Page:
In the midst of all the grim talk about runaway global warming, there is an upbeat note -- sort of. Certain types of coral reefs appear to be more adaptable to climate change pressures than first thought.
The good news about arguably the most biologically productive ecosystems on the planet comes with a major caveat. Corals' ability to tolerate climate-related rising sea water temperatures is not open-ended. Scientists don't know the threshold at which these marine organisms can no longer adapt. The best that can be said -- and it is not inconsequential -- is that these corals' sturdy genetic structure buys us some time to slow the pace of global warming, and in the process, assure the survival of the reefs.
Disappearance of the world's coral reefs would be calamitous. One-third of all the ocean fish spawn and mature in the shelter of the biologically diverse reefs and provide basic sustenance for more than a billion people. The Great Barrier Reef alone is estimated to be worth $6 billion annually to the Australian economy. Many of the reefs serve as valuable protective buffers against major storms striking coastal areas.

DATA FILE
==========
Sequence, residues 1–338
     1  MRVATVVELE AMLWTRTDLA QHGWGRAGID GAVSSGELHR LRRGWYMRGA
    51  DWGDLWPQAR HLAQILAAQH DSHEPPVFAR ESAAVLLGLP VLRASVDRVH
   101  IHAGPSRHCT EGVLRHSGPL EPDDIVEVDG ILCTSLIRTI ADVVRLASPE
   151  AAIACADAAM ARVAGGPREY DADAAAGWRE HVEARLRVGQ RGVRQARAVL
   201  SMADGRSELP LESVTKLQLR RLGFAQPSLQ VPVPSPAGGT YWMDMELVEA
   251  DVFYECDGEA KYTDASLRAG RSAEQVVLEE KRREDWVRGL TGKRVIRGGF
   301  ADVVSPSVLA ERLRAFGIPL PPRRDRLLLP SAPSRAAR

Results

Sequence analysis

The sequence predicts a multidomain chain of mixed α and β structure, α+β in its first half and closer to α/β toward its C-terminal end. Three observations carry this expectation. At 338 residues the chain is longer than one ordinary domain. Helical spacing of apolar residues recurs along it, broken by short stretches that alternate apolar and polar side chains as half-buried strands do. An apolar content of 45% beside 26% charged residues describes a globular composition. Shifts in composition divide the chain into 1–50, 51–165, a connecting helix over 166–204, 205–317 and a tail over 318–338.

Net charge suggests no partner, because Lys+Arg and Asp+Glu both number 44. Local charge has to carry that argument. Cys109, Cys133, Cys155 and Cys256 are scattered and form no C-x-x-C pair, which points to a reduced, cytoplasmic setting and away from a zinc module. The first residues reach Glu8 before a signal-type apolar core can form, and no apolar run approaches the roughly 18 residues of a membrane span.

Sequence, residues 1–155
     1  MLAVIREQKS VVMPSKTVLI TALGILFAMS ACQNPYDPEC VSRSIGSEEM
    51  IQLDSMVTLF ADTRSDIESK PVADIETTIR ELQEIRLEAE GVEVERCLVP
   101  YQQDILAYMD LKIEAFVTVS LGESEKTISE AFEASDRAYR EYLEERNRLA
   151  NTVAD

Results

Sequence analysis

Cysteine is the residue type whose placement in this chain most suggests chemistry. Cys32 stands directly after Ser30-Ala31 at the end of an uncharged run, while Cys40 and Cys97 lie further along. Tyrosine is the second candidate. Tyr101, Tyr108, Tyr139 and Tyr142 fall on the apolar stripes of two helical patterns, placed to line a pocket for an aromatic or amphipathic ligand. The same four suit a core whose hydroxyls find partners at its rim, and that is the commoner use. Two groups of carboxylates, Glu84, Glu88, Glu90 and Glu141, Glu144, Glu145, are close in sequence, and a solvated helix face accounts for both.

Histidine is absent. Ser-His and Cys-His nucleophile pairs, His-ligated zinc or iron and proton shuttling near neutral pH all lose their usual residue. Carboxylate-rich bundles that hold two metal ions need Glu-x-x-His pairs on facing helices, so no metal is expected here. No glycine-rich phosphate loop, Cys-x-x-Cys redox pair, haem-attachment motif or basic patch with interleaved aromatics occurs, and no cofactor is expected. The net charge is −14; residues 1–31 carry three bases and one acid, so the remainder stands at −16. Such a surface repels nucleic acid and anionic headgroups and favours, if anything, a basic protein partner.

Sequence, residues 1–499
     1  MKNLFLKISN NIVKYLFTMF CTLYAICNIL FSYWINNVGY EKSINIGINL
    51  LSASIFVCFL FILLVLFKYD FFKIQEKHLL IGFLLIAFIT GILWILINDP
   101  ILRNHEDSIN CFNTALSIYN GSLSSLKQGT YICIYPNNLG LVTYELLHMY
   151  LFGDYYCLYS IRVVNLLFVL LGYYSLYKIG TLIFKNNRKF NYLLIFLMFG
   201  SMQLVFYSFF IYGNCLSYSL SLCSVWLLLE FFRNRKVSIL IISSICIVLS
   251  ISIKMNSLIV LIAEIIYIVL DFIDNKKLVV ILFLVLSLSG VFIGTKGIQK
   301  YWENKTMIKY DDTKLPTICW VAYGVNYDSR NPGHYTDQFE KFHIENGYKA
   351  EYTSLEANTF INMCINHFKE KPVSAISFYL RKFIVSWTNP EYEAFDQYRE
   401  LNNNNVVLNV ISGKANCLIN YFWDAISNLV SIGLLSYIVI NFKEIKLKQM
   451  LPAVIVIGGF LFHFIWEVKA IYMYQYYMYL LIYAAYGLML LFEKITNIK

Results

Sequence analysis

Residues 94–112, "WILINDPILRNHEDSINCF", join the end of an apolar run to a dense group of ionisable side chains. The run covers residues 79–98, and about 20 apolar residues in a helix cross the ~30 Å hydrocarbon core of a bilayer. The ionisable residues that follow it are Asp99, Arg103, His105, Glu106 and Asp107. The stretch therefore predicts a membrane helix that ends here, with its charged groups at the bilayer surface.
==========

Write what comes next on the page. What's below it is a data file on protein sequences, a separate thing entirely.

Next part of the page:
These invaluable benefits notwithstanding, 25 percent of the world's coral reefs have already vanished, and 75 percent of those remaining are in various stages of severe stress. At the present rate of loss, two-thirds of those deteriorating systems are projected to be gone by 2050. The mortality is primarily due to some coral species' inability to adapt to climate change- related warmer and increasingly acidic waters, although coastal pollution, overfishing, and abusive tourism practices are also complicit.
Despite such losses, scientists have found some reason for hope, at least in the short term, and if our cards are played right, in the long term as well. Researchers have discovered that certain healthy coral reefs can revive sickly ones through transplantation. Some species of coral even thrive under exposure to moderate rises in water temperature and acidity. In another breakthrough, scientists have come across corals that have survived uncomfortable seawater temperature rise in the Virgin Islands by attaching to the roots of semi-submerged coastal mangrove forests. With the shade of the trees sheltering the waters from the full impacts of global warming, the corals have flourished.
Again, the unanswered question is how resilient are the hardiest corals. What does seem apparent is that if given half a chance, many species of coral will survive. To give them that opportunity, humanity must find an expeditious way to dramatically reduce carbon emissions, curb coastal pollution, end overfishing, and crack down on tourism malpractice.
Nature does not always give us the luxury of extra time to make amends. Let's not blow it.